An Open Letter To Interns In The Time Of Covid-19

Well, we never quite thought it would go down quite like this, did we? As I write this, the pandemic is just taking off in Australia, but in a few short weeks we will be overwhelmed. It’s ok if you are already feeling overwhelmed. We have seen and heard some heartbreaking and downright terrifying things coming out of China, Italy, the US and now the UK. I find it helpful to follow everything closely and prepare for the worst, but I do also worry about whether that’s good for my mental health… maybe you are the same.

Are you doing ok? This year was always going to be a huge step up and a steep learning curve but hoo boy, it’s going to be a ride and a half. I know there is much uncertainty in the air about what this means for you and your training. Everyone wanted that ICU elective but ironically now it might become a mandatory term, surgery looks like they will be redeployed to ED and ortho might be managing the NIV… all just speculation at this point but we are right in the thick of it. Whatever happens, don’t worry about the terms or passing the year, everyone is in the same boat. This definitely counts as an exceptional circumstance, so something will be figured out.

No doubt you have had a few days of wondering how you got here. How you ended up in this life whilst your friends are home on the couch. Maybe you’ve had flashbacks to when you decided to do medicine in the first place. Did you picture yourself going into battle to help others? Maybe you just pictured a nice office and a new car? Whatever the reason, you are here now, and it seems we are marching on. You might be feeling invisible at work amongst the preparations. But I see you. I see how hard you are working and doing your best to soak up all the new procedures and protocols, even though many of you are not in the meetings to hear the updates firsthand.  I don’t know how well you are being kept in the loop, but we won’t leave you behind. You are needed and appreciated, to a level that far exceeds many cohorts that have gone before you.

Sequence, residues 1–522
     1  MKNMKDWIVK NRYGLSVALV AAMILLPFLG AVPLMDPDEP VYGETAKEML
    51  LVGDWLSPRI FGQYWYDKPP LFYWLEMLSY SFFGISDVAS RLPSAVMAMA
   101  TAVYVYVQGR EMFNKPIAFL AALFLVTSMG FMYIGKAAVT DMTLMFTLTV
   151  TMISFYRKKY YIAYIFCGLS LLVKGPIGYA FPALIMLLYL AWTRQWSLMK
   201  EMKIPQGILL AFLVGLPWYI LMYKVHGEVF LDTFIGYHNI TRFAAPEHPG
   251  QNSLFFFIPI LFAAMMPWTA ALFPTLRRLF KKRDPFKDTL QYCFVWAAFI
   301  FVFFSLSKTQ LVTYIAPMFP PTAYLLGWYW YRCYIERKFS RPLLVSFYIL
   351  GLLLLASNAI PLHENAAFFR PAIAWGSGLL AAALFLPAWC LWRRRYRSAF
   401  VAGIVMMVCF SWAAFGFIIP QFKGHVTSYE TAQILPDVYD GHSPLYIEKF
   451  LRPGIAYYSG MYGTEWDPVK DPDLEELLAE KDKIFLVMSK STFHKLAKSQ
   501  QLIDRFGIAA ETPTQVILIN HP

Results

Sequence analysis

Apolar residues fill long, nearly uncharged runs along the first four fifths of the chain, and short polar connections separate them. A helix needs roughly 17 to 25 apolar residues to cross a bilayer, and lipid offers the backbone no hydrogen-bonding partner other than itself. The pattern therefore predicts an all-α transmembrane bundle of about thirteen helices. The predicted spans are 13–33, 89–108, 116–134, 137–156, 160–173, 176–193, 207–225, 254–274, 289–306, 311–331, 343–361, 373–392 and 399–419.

You are doing a good job. I don’t know if anyone said that to you this week, but just trust me that you are. It’s pretty normal to feel like you are the weakest link in the team, but I have worked with some of you this term and you have blown me away with how good your patient assessments are so early in the year. You are doing a good job.

I’m not so far out of internship that I have forgotten what it’s like. The world shifts on its axis every 10 weeks as you scramble to start a completely new job with people you don’t know. This is kind of similar, but the shift is exponentially bigger for you than anything I ever experienced. So, I am in awe of you. Those of you who continue to show up each day and smile hello in the corridor. Please don’t think we are forgetting about you. Everyone is a little busier and a little more on edge, the consultants are occupied with disaster planning, some of your registrars are also settling into a new role and aren’t checking in as much as they should. Forgive us. We see you.

We have a big few months ahead, but we are in it together. This may be the defining year of our careers, what a way to start as a doctor! Of all the advice I could give, the most important is to please remember to put your own mask on first, both literally and figuratively. You cannot help someone if you are sick, you cannot care for someone if you are mentally spent. If something is up and you don’t want to speak to your boss, grab a registrar. We can help you or point you in the direction of someone who can. Maybe you haven’t heard yet about the employee assistance program in your state, where you can chat for free about anything that’s troubling you in an anonymous way. They usually tell you about it in orientation, but it can get lost in the information overload of week one. The Doctors Health Advisory Service is also a useful resource.

You don’t have to have all the answers, you don’t have to suddenly be a registrar because there is a pandemic. Work within your scope and ask for guidance when you need it. Keep yourself safe and you will help keep your patients safe. Last week one of my consultants said, “Not often in ones lifetime do you get the opportunity to be truly extraordinary. We have that chance now, so let’s be extraordinary.” We never thought it would go down like this, but we will walk beside you as it does.

Doctors Health Advisory Service – Some useful numbers
http://www.dhas.org.au/contact/contact-dhas-in-other-states-territories-and-new-zealand.html

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